Hey Cotty.
Are you allowed to use known results of distributions? If so, take a look at this distribution for sampling without replacement:
Hypergeometric distribution - Wikipedia, the free encyclopedia
Hi,
Quick question (hopefully) on conditional probability. The question says, Consider a Biased coin, where the chance of heads is 2/3 and tails is 1/3. If the coin shows tails, a chip is drawn from urn 1, and if heads, drawn from urn 2. Urn 1 has 3 white chips and four red chips. Urn 2 has 6 white and 3 red chips. Chips drawn from the urns are not replaced. What is the probability that a white chip will be drawn on the second toss?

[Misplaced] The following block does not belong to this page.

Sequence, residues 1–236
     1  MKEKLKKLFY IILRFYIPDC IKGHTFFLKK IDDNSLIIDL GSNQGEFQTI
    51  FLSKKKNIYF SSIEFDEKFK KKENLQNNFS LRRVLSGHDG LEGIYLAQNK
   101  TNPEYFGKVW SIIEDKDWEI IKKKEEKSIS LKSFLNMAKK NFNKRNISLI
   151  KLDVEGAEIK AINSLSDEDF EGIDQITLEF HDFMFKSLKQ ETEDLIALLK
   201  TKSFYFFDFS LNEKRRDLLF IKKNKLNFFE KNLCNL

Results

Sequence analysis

We have stared at this question for ages and so far have only figured that we could be able to use a tree diagram to figure this out, any help would be appreciated. Thanks!!
Hey Cotty.
Are you allowed to use known results of distributions? If so, take a look at this distribution for sampling without replacement:
Hypergeometric distribution - Wikipedia, the free encyclopedia
The hyper-geometric distn. isn't really of much use here. I would say a tree diagram might be the easier thing to do visually. Mathematically what you have is P(W2) = P(W2|HH,R1)+P(W2|HH,W1)+P(W2|TT,R1)+P(W2|TT,W1)+P( W2|TH,R1)+P(W2|TH,W1)+P(W2|HT,R1)+P(W2|HT,W1).